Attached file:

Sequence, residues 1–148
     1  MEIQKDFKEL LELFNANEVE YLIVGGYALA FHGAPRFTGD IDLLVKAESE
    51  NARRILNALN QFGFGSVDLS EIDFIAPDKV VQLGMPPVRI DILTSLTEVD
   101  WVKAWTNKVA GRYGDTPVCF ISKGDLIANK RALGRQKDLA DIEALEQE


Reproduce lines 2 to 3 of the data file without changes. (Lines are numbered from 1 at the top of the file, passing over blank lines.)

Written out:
     1  MEIQKDFKEL LELFNANEVE YLIVGGYALA FHGAPRFTGD IDLLVKAESE
    51  NARRILNALN QFGFGSVDLS EIDFIAPDKV VQLGMPPVRI DILTSLTEVD